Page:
Rubin Planetarium Video - Planet 9

Some astronomers have hypothesized the existence of a “Planet 9,” a massive, Neptune-sized object in the far outer solar system whose gravitational effects would explain the unusual orbits of distant trans-Neptunian objects. Planet 9 is thought to have a mass 5 to 10 times that of Earth, with an orbit that takes it 400 to 800 astronomical units from the Sun.

If it exists, Planet 9 may be hard to find for two reasons. Its extreme distance from the Sun means there will likely be little sunlight for it to reflect back to Earth. Also, Planet 9 may have a dark surface. Both of these conditions would make the object extremely faint.

So far, searches for Planet 9 have been unsuccessful; however, most surveys have lacked the ability to search the large volume of space in which Planet 9 might reside. The wide coverage and sensitivity of the LSST survey should enable it to detect — or definitively rule out — the existence of Planet 9 in about 60% of the sky.


This animation shows a hypothetical large body in the outer solar system far beyond the orbit of Neptune. It can represent “Planet 9,” or another substantive, faint object that would only be detected with a large and sensitive sky survey.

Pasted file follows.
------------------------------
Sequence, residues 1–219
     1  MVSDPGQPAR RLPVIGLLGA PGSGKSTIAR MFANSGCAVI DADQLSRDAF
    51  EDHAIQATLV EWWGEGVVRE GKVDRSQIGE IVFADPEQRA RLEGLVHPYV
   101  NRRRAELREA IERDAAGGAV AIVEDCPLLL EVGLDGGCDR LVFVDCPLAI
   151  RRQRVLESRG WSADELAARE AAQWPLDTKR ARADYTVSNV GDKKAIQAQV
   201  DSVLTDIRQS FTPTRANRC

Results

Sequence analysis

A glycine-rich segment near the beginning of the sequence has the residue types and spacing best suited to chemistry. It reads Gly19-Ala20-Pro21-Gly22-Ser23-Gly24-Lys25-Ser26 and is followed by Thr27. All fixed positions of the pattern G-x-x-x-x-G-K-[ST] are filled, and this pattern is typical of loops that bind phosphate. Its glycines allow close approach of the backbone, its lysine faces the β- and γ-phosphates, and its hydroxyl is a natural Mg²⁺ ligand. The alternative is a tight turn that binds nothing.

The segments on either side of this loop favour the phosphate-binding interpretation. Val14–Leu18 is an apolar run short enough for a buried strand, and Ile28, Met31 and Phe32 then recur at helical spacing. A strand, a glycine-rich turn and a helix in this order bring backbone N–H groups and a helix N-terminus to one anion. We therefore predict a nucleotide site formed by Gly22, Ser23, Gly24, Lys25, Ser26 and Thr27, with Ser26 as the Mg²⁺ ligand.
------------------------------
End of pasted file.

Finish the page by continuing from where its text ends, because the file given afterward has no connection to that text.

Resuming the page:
From this viewpoint the Sun looks more like a very bright star because of our large distance from it. An extended haze around the Sun represents, in part, the diffuse glow from zodiacal dust in the inner system and asteroid belt. As this vantage point is significantly far from the ecliptic, the distribution is more circular, not edge-on and flattened.


Initially Planet 9 is almost impossible to see, a dark object silhouetted against the Milky Way, left of center of the front of the dome.


The object is now very close and can be seen transiting the Sun. It is still mostly in silhouette, but has some faint illumination of features from the glow of the surrounding stars and the Milky Way.


We are now pulling away from the objectʼs dark, illuminated side, losing view of it against the star field of the Milky Way.

Additional References


Caltech-IPAC/LSST Project/NSF/AURA

(NOTE: video was called LSB-Transient when delivered)

Special Recognition

Data to Dome initiative

About the Video

Release date:April 11, 2023, 8:52 a.m.
Duration:01 m 13 s
Frame rate:30 fps

About the Object


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